The United States dollar weakened during the US session due to softer than expected manufacturing data and a rise in jobless figures, prompting fears that the Fed will not raise rates again.
Breaking down the data, the Philadelphia Fed Manufacturing Index in the US fell to -31.3 points in April of 2023, the lowest since May of 2020 from -23.2 in March.
The release marks an eighth consecutive negative reading, missing market expectations of -19.2. Indicators for activity remained negative, but less than last month, namely new orders (-22.7 vs -28.2) and shipments (-7.3 vs -25.4).
The employment index suggests steady employment overall (-0.2 vs -10.3) while both prices paid (8.2 vs 23.5) and received (-3.3 vs 7.9) declined to their lowest levels since mid-2020. The future indicators suggest that firms’ expectations for growth over the next six months remain subdued (-1.5 vs -8).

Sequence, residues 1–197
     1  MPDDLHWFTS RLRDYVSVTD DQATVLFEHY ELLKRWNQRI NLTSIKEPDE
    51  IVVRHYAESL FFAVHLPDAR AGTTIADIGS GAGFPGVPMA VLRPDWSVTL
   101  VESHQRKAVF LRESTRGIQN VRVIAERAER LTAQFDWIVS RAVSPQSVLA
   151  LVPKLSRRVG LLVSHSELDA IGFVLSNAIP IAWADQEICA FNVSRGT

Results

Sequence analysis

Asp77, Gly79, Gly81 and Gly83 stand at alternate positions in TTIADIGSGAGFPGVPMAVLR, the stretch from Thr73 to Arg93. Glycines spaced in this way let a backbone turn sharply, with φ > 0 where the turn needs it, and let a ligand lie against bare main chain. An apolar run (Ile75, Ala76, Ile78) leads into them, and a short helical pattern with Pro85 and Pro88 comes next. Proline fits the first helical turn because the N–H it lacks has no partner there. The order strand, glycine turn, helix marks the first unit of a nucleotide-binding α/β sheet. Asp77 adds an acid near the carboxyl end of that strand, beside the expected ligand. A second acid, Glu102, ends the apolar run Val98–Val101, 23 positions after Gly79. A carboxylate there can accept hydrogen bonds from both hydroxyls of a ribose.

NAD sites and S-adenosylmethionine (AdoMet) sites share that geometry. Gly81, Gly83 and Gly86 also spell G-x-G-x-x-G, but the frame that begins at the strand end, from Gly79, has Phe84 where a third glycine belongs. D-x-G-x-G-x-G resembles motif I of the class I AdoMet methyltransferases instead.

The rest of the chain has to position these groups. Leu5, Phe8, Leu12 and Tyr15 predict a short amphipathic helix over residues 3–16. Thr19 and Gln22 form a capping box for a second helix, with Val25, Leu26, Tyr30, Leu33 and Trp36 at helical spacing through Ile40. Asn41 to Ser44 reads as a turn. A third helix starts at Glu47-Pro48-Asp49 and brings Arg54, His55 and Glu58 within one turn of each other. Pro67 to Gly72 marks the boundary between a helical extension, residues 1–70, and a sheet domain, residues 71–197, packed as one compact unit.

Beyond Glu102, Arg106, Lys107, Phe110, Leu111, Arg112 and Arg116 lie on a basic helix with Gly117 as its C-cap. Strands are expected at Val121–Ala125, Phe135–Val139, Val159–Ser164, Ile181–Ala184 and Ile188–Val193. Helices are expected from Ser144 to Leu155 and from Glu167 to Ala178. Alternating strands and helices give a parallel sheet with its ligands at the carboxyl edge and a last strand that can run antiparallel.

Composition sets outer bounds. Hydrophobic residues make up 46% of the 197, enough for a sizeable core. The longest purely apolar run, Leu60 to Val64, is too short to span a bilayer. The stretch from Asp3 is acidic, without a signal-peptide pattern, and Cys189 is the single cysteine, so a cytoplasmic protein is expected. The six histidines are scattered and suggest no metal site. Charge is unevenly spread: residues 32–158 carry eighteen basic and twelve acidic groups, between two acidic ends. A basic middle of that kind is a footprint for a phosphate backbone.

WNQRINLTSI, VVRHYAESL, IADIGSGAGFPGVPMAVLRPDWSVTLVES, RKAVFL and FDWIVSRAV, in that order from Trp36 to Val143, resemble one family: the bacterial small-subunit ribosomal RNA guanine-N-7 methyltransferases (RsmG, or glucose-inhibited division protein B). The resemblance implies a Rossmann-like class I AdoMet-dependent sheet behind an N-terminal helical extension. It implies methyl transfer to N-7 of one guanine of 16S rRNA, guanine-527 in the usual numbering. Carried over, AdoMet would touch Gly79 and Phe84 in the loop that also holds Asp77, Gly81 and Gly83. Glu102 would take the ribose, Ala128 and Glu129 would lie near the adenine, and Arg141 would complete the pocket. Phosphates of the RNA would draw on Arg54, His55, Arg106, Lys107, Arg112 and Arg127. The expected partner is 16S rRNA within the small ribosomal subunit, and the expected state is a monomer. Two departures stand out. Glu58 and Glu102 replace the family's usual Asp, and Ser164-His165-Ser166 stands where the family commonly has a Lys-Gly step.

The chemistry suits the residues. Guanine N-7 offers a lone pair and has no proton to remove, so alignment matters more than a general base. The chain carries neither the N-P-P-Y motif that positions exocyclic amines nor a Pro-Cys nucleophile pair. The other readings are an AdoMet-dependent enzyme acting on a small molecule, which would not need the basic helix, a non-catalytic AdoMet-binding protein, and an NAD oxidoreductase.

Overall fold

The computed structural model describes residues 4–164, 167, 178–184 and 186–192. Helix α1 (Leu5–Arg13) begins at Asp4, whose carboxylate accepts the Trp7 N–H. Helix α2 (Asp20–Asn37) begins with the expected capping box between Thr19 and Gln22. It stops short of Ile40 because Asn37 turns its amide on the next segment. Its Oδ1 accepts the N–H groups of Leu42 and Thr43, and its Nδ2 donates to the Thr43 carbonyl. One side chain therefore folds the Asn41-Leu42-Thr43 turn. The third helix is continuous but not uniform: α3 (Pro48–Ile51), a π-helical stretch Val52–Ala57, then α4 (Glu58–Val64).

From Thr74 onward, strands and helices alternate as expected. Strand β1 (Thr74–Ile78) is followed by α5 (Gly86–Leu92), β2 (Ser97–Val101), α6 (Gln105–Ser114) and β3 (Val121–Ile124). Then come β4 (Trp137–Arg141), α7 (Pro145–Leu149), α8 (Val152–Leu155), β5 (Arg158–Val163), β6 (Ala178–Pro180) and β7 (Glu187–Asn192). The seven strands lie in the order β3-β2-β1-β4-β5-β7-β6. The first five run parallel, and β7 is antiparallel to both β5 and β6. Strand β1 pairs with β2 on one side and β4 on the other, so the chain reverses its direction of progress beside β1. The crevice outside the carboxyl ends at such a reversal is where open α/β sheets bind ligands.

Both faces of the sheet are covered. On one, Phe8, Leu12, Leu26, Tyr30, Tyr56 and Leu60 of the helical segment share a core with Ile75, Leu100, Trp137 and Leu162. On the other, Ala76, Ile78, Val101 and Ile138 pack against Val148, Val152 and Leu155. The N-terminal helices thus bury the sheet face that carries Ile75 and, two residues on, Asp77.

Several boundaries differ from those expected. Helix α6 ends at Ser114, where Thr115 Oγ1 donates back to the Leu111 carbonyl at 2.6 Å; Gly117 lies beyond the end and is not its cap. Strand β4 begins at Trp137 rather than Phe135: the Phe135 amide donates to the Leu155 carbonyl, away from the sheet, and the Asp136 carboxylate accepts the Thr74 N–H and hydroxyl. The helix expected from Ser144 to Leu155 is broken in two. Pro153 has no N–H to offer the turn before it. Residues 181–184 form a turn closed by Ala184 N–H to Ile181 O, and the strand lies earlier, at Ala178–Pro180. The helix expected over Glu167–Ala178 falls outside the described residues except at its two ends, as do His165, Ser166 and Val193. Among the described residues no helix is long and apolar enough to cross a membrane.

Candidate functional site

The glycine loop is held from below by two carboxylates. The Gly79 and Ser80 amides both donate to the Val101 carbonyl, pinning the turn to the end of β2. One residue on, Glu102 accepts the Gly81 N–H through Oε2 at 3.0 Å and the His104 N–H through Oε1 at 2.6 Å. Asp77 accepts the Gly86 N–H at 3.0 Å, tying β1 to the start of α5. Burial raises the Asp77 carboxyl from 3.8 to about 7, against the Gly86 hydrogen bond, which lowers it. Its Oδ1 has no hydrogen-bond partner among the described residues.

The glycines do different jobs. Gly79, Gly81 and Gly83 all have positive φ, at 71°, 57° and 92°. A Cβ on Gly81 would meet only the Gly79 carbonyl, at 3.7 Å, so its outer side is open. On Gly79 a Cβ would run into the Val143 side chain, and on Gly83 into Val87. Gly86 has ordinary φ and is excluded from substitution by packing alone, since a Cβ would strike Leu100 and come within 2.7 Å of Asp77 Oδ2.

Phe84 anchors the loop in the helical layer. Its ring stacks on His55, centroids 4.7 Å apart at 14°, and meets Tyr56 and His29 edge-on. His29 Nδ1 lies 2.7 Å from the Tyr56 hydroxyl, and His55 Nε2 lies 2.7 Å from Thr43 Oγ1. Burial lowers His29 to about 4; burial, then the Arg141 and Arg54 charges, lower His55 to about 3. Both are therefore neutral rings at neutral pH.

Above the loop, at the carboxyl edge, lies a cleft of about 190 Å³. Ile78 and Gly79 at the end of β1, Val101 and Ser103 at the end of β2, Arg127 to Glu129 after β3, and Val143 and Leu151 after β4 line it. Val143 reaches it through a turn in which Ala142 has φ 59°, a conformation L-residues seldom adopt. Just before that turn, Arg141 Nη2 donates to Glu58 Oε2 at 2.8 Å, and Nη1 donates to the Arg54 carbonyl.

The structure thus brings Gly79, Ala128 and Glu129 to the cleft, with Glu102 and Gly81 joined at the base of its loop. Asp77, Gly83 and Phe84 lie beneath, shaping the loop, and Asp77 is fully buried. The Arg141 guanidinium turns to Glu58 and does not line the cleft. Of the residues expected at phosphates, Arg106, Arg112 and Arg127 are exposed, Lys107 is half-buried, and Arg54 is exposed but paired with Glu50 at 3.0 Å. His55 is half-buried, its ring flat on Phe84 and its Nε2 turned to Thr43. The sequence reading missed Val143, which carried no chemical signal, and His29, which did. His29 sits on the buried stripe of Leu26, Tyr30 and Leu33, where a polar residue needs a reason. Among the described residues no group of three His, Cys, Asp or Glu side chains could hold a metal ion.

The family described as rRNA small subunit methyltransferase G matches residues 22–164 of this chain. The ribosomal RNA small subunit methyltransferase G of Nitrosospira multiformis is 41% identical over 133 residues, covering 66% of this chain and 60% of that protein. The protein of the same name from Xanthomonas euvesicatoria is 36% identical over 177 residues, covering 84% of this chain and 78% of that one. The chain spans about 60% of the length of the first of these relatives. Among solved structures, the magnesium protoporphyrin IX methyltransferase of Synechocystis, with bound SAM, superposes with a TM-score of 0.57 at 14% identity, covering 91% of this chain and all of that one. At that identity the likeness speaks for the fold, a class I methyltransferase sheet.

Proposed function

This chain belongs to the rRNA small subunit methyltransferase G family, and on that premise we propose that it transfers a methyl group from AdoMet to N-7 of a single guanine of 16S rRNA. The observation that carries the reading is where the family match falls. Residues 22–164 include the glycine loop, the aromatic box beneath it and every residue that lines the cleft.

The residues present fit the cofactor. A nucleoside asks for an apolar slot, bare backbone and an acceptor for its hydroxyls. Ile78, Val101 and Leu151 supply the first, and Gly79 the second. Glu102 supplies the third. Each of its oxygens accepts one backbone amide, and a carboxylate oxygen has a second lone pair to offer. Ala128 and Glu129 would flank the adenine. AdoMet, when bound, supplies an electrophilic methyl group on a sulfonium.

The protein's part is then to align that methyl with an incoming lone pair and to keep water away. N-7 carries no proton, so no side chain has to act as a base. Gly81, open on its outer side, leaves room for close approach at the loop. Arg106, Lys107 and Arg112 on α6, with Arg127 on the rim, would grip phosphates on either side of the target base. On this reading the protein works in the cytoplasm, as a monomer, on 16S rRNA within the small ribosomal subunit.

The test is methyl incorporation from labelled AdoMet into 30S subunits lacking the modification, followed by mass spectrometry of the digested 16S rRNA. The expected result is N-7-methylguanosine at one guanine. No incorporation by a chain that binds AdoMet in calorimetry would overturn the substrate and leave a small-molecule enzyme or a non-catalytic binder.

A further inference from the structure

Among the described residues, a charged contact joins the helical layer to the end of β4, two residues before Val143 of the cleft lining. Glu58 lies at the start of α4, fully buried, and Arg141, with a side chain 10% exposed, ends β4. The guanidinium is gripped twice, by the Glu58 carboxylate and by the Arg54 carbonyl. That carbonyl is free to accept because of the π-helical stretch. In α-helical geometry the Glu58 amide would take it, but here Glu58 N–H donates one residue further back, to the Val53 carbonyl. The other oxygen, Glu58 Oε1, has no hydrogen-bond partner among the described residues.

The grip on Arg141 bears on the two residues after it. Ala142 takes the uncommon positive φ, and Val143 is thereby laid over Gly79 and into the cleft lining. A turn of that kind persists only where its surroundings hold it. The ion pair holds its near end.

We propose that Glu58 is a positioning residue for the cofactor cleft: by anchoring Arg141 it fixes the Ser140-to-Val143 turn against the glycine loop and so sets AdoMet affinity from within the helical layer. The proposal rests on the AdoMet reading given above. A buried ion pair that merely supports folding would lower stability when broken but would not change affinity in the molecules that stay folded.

On the jobs front, the number of Americans filing for unemployment benefits rose by 5,000 to 245,000 on the week ending April 15th, the most in one month and above market expectations of 240,000.
The result was in line with a batch of data for March that suggested some softening in the US labour market, breaking the long streak of data pointing to a tight labour market despite aggressive rate hikes by the Federal Reserve.
The four-week moving average, which removes week-to-week volatility, fell by 500 to 239,750. On a seasonally unadjusted basis, claims fell by 7,021 from the previous week to 228,216.
Continuing jobless claims in the US, which measure unemployed people who have been receiving unemployment benefits for a while, rose to 1.865 million in the week ending April 8th, up from a revised 1.804 million a week before and well above market expectations of 1.820 million. Continuing jobless claims hit their highest level since the week ending November 27th, 2021.